Mutations: TARDBP M337V
Modification: TARDBP: Transgenic
Disease Relevance: Amyotrophic Lateral Sclerosis, Frontotemporal Dementia
Strain Name: N/A
Genetic Background: Transgene injected into BL6/SJL oocytes. Founders crossed to C57BL6/J.
These mice, which express mutant human TDP-43 in postnatal neurons, quickly develop several ALS-related phenotypes, including motor impairment, upper motor neuron loss, and premature death (Janssens et al., 2013). The “Mt” in the name of this model stands for “mutant,” and refers to the fact that the transgene contains the M337V mutation associated with familial ALS.
Transgene expression in Mt-TAR6 mice is driven by the Thy-1.2 promoter, resulting in preferential expression in neurons. Because this promoter becomes active about one week after birth, transgene expression does not interfere with critical developmental processes in utero. Once the transgene is on, the disease progresses very rapidly in homozygous mice (Mt-TAR6/6), with a comparatively later onset and milder progression in hemizygotes (Mt-TAR6).
Compared with other transgenic TDP-43 models, these mice express relatively low levels of transgene. Transgene expression in the brains of hemizygous mice is less than endogenous levels of TDP-43, and expression in homozygotes is approximately double endogenous levels. Endogenous TDP-43 is downregulated by expression of transgenic TDP-43.
Consistent with a gene-dosage effect, homozygous mice develop a much more severe phenotype. Starting around postnatal day 12, homozygous Mt-TAR6/6 showed an abnormal clasping reflex when suspended by their tails. Symptoms progressed rapidly, involving a hunched posture, muscle twitches, and reduced mobility by day 15. Complete paralysis and death were close behind, with an average survival of just 17 days. No mice survived past day 20.
In contrast, hemizygous MT-TAR6 mice lived up to 24 months (average survival was 16.4 months). They did not develop an abnormal hindlimb reflex until about one year of age, and Rotarod testing did not show motor impairment until 13 months. In addition, a considerable amount of phenotypic variability was noted in hemizygous mice. A small minority of the mice (about 5 percent) developed a severe motor impairment, involving complete paralysis of the hindlimbs. In this subset, paralysis developed between three and 14 months of age.
Although the Thy-1.2 promoter drives expression in virtually all neurons of the brain and spinal cord, specific neuronal subpopulations appeared to be selectively vulnerable, including cortical layer V motor neurons, spinal anterior horn motor neurons, CA regions of the hippocampus, and thalamic neurons. MT-TAR6/6 mice developed severe neuronal loss in all CA regions of the hippocampus and complete obliteration of CA3 and CA fields, while CA1 and CA2 fields were reduced to a single layer of cells. Astrogliosis and microgliosis occurred in regions affected by neuronal loss, including the motor cortex, spinal cord, and hippocampus.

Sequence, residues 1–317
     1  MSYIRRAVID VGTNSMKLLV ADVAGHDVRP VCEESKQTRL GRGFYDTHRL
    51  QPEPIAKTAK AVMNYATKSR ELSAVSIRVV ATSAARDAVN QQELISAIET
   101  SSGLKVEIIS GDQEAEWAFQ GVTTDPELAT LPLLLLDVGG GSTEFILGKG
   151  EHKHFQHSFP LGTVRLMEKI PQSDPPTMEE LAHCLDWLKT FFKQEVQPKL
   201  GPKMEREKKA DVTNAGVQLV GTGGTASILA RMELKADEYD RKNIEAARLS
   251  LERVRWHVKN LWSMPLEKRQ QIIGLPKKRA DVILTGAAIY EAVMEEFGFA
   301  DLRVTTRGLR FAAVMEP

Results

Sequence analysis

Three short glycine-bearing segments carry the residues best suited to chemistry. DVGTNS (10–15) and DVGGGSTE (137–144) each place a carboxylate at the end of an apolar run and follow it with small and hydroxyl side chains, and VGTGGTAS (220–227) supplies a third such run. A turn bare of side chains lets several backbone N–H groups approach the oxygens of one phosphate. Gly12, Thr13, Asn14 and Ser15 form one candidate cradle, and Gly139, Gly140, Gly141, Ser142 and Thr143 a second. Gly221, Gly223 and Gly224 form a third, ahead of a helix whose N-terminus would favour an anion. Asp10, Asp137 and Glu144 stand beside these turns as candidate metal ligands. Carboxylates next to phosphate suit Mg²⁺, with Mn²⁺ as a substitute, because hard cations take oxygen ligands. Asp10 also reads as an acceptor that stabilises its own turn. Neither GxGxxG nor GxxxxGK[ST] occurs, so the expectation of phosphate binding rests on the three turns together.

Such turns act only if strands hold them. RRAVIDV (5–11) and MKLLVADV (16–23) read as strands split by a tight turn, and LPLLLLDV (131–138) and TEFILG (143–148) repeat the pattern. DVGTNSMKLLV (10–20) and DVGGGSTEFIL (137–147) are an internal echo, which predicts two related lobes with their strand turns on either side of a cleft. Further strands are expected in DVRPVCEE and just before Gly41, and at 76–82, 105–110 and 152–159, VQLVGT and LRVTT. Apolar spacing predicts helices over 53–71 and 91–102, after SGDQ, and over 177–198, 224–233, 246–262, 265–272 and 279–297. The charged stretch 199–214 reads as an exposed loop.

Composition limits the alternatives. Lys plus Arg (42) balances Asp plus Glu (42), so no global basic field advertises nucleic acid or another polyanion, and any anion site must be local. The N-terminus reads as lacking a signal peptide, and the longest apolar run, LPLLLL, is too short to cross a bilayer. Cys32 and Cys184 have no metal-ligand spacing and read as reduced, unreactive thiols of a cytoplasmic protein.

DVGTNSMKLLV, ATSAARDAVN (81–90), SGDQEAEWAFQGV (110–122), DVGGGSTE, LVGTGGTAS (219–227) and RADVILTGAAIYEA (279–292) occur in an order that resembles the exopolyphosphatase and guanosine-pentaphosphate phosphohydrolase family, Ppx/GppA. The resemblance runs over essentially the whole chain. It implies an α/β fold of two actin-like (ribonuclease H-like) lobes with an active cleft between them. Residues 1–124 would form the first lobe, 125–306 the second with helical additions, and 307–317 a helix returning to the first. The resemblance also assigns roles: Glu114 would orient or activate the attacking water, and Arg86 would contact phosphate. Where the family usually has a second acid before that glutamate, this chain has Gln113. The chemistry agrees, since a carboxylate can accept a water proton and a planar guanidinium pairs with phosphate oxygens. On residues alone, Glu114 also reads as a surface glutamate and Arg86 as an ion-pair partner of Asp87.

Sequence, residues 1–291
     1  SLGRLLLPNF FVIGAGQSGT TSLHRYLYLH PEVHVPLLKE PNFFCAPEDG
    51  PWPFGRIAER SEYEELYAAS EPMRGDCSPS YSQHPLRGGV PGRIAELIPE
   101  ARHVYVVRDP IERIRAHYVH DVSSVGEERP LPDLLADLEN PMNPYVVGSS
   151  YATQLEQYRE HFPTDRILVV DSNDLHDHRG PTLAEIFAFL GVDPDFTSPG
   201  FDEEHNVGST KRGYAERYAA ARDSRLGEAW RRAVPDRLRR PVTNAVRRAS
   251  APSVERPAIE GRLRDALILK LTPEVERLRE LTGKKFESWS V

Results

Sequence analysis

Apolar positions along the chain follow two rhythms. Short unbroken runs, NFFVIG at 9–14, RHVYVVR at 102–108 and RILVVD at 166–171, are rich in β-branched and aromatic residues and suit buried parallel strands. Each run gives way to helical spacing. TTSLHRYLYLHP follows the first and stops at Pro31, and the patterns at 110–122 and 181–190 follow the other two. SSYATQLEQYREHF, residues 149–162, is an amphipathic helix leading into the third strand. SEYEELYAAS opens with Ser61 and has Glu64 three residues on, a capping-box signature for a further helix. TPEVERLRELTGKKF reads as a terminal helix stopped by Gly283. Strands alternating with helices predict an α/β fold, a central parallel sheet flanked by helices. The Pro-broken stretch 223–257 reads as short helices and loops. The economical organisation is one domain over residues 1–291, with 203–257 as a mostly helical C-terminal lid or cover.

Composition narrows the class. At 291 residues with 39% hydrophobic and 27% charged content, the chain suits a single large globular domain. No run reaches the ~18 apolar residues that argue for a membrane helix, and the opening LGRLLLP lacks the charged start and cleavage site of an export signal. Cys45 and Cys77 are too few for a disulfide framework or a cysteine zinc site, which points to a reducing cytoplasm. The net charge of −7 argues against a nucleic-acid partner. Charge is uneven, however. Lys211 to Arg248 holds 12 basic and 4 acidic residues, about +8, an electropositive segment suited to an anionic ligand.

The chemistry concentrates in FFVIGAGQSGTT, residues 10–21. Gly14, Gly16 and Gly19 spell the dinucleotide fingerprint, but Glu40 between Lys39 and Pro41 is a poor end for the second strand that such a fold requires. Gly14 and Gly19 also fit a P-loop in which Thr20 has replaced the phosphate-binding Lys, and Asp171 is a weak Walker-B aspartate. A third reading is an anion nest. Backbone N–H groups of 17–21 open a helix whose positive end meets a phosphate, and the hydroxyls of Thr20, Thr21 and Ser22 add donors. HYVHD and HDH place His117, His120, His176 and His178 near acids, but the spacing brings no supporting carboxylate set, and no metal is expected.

Cortical motor neurons in homozygous and hemizygous mice developed diffuse cytoplasmic ubiquitin staining. This staining, which was absent in non-Tg mice, was also observed in mice expressing comparable levels of wild-type TDP-43. Ubiquitin immunoreactivity was also present in spinal motor neurons, the hippocampus, pons, and cerebellum, albeit at lower levels.
In addition to diffuse ubiquitin immunoreactivity, some Mt-TAR6/6 mice developed ubiquitin-positive inclusions in layer V cortical neurons, but not in spinal motor neurons. However, inclusions were not universally present in all mice, even at end-stage. Also observed were ubiquitin-negative inclusions, described as “large amorphous eosinophilic inclusions” in the cytoplasm of anterior horn neurons, and to a lesser extent in neurons of the cortical layer V, thalamus, pons, and cerebellum.
Mitochondrial abnormalities were also observed, including deformed cristae and fission deficits.
In this model the Thy-1.2 promoter drives expression of a transgene encoding human TARDBP with the M337V mutation.
When visualized, these models will distributed over a 18 month timeline demarcated at the following intervals: 1mo, 3mo, 6mo, 9mo, 12mo, 15mo, 18mo+.
- NMJ Abnormalities
- Muscle Atrophy
Cortical Neuron Loss
Severe neuronal loss in all CA regions of the hippocampus of homozygous mice. Neuronal loss was also observed in layer V cortical neurons and thalamic neurons.
Lower Motor Neuron Loss
Neuronal loss was observed in the spinal cords of homozygous mice.
Some homozygous mice developed cytoplasmic inclusions in layer V cortical neurons. These were often, but not always, ubiquitin–positive. They were not universally observed, even in end-stage mice.
Elevated astrogliosis and microgliosis compared with non-Tg controls, especially in the motor cortex and spinal cord. Gliosis in the hippocampus was seen at end stage.
Motor impairment developed quickly, by 11 days of age in homozygous mice, starting with an abnormal clasping reflex. They also develop a hunched posture, muscle twitches, and reduced mobility. Paralysis developed within days, leading to death. Hemizygotes do not develop motor symptoms until about one year of age, and impairment varied from mouse to mouse.
Early postnatal growth retardation in homozygous mice. By day 17 their average body weight is about half that of non-Tg controls.
Homozygous mice survived an average of just 17 days. In contrast, hemizygous Mt-TAR6 mice lived up to 24 months (average survival ~16.4 months).
- Janssens J, Wils H, Kleinberger G, Joris G, Cuijt I, Ceuterick-de Groote C, Van Broeckhoven C, Kumar-Singh S. Overexpression of ALS-associated p.M337V human TDP-43 in mice worsens disease features compared to wild-type human TDP-43 mice. Mol Neurobiol. 2013 Aug;48(1):22-35. Epub 2013 Mar 10 PubMed.
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